'(2) the contemplated terms of payment required in any mortgage to be given in part payment of the purchase price or the construction cost bear a proper relation to the veteran's present and anticipated income and expenses;
'(3) the veteran is a satisfactory credit risk;
'(4) the nature and condition of the property is such as to be suitable for dwelling purposes;
'(5) the price paid or to be paid by the veteran for such property, or for the cost of construction, repairs, or alternations, does not exceed the reasonable value thereof as determined by the Administrator; and
'(6) if the loan is for repair, alteration or improvement of property, such repair, alteration, or improvement substantially protects or improves the basic livability or utility of such property.'
Loans may be guaranteed on either the 'automatic basis' or the 'prior approval basis.' Section 1802(d) provides for the issuance of automatic guaranties on loans made by 'supervised lenders.' A 'supervised lender' is generally any financial institution, insurance or mortgage and loan company that is subject to 'examination and supervision' of an agency of the federal or a state government. Wayne National Life Insurance Company qualified as a 'supervised lender' because it was an insurance company subject to the supervision of the Michigan Insurance Commissioner. It is the responsibility of the supervised lender to determine whether the loan meets the requirements of the statute and regulations. Section 1032, Veterans Administration Regulations.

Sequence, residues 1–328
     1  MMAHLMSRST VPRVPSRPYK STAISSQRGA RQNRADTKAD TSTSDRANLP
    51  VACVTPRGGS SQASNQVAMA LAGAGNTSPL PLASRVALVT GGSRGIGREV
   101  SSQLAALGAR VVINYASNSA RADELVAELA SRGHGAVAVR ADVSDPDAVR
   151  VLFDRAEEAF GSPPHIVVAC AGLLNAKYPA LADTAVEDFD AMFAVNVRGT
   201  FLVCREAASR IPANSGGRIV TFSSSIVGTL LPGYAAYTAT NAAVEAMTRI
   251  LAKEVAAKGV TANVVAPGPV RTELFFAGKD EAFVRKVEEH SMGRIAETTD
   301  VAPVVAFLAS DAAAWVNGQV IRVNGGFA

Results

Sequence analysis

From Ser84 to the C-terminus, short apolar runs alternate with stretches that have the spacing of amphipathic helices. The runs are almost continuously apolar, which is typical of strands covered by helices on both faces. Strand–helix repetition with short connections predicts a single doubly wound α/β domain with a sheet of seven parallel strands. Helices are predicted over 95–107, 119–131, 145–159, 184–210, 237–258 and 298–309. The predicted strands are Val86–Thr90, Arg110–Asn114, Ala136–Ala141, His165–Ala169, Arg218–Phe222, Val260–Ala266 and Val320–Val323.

Unlike supervised lenders, whose loans are automatically guaranteed by the VA, 'non-supervised lenders' must seek guaranties on the 'prior approval basis.' A 'non-supervised lender' is one that is not subject to the supervision of a federal or state agency. Franklin Mortgage Corporation was a non-supervised lender. Under the 'prior approval basis' of obtaining guaranties, the VA, not the lender, makes the final determination as to whether or not the loan comports with all statutory and regulatory requirements. The VA, would make this determination on the basis of the pertinent information required to be submitted to it by the lender. If the loan is held to qualify, the VA so notifies the lender who then closes the loan and submits the loan to the VA who issues its guaranty.